Republican politicians like Michelle Bachmann are saying that a default of the U.S. government wouldn’t be a big deal. These people seem to be actually relishing the thought of the government crumbling. Timothy Egan has an op-ed in today’s New York Times making the same observation, envisioning the Republican Party split between two wings: the Anarchists and the Tasseled Loafers.

With this step, what the chaos caucus has proven is that they have no interest in governing. They didn’t go to Washington to find solutions; they went there to destroy the place. Based on [House Speaker John] Boehner’s math, the anarchists make up perhaps 25 percent of the G.O.P. House. At the other end of party control are the moneyed interests who’ve long bankrolled Republicans. They’re happy, of course, that their favored politicians are willing to go to the brink of catastrophe to keep even the most egregious tax loopholes from being closed. But now they’re getting scared, as the anarchist wing indicates it is serious about bringing the whole government down — and with it a lot of private money.
What about all the things that government does for all of us individually and collectively? What about police and the judicial system? Would you want to do without that? How about firemen? Do you remember the case last year when a Tennessee fire department watched a man’s house burn down because he hadn’t paid the local $75 fire fee? Many right-wingers, including Glenn Beck, gloated at the news because they thought this event represented a triumph of the free market.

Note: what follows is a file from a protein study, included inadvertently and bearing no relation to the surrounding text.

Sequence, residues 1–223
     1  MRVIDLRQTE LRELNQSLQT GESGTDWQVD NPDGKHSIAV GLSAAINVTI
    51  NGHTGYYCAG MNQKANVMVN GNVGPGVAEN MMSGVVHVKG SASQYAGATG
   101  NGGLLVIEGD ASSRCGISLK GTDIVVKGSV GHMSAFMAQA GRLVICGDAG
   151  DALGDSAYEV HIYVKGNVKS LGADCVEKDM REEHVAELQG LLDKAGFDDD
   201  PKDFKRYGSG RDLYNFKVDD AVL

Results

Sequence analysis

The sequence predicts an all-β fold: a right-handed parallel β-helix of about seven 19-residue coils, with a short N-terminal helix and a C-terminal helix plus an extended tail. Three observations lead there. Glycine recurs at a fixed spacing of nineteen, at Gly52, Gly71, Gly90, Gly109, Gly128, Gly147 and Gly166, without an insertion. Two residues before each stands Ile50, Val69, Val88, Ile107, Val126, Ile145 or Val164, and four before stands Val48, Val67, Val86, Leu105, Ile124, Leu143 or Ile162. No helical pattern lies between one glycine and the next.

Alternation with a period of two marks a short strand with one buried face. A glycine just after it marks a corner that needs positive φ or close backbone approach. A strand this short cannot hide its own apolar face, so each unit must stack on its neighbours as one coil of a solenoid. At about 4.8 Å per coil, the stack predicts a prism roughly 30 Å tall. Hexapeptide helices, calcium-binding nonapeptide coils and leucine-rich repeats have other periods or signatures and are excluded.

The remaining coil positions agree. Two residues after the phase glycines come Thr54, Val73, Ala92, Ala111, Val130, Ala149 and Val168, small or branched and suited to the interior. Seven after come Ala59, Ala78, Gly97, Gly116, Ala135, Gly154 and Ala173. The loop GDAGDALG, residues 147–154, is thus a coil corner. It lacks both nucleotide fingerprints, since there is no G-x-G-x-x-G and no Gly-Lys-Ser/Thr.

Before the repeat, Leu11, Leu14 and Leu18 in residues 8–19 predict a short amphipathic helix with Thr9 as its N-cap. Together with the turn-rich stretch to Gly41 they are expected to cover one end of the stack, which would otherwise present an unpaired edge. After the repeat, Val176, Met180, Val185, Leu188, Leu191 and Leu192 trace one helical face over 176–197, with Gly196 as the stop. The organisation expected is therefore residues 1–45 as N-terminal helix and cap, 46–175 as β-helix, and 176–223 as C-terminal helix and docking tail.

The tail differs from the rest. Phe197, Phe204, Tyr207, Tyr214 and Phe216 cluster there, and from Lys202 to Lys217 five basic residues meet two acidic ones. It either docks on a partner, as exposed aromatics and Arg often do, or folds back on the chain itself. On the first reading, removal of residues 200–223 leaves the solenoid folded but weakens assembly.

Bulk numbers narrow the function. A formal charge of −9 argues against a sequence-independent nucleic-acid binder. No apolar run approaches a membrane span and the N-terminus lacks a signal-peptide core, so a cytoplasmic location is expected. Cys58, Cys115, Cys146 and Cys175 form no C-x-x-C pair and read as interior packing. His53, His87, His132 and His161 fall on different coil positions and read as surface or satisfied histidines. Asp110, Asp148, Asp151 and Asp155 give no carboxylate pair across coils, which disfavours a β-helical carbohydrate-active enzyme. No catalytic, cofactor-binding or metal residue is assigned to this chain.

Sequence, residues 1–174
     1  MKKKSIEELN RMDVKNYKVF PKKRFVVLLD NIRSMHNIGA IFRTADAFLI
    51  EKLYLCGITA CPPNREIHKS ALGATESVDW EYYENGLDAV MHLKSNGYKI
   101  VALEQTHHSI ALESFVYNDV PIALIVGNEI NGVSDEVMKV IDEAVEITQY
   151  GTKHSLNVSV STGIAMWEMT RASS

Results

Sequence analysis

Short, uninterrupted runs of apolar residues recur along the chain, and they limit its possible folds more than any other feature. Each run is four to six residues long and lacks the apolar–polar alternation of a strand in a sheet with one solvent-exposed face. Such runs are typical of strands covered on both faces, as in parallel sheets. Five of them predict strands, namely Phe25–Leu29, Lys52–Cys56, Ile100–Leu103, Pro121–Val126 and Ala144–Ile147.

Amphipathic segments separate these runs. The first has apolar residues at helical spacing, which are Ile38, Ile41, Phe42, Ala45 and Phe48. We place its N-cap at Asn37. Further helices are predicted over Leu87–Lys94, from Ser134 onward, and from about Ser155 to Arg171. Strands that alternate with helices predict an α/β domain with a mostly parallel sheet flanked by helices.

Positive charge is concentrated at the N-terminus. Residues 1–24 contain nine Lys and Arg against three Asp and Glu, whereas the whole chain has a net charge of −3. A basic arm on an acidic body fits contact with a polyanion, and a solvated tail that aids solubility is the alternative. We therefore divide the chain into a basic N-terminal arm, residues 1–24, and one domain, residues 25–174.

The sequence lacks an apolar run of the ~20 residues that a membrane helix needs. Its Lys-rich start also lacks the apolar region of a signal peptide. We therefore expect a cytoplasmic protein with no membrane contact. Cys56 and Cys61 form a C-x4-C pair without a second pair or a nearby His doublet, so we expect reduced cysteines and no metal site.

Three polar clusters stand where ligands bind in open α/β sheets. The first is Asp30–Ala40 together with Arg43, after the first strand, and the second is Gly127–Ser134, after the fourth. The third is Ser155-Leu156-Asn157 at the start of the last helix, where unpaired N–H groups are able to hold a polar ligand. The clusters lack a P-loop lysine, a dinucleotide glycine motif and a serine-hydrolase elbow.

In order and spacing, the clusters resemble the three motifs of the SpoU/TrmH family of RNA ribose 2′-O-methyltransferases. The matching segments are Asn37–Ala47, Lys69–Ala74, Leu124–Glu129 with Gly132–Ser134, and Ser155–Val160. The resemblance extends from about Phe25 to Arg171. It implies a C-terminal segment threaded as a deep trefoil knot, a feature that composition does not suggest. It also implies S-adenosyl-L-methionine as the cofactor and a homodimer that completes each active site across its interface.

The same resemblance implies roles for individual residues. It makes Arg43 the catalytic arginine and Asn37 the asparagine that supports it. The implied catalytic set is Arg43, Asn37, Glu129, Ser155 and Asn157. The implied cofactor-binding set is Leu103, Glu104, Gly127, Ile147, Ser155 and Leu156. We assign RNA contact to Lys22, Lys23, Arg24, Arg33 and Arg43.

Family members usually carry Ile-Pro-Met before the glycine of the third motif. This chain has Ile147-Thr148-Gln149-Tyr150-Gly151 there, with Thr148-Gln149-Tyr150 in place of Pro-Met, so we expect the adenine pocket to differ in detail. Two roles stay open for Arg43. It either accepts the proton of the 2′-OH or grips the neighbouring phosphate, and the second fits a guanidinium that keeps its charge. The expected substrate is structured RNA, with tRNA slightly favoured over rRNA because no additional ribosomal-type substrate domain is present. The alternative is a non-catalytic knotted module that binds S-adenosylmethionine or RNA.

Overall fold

What about municipal water and sewage? Enron’s next scheme—if they hadn’t imploded in 2001—was to privatize water in this country. To see how this has worked out in a few poor countries in the world, watch the documentary “Flow.”

How about public health and investment in basic scientific research? The increase in Americans’ lifespan in the last 100 years (from an average of 45 to 75 years) is mostly due to public health measures like clean water and sanitation, not medical advances.

What about public schools and universities? The backbone of a democracy is an educated populace. Do we want a society where only the rich get an education?

What about roads? Parks? The list goes on.

This is the time for liberals to speak up and ask the American people what kind of country they want to live in.

The right-wing is advocating a Hobbesian world of conflict and competition; a new Gilded Age where capitalism is unleashed to exploit the weak and the poor.

Liberals advocate a world in which the blunt and brutal hand of capitalism is softened through regulation and social programs.

The American people have shown over and over again in polls that they like the programs liberals advocate. When will the Left in this country learn how to explain to the populace that the liberals represent the interests of the people, while the Right represents the interests of the plutocrats?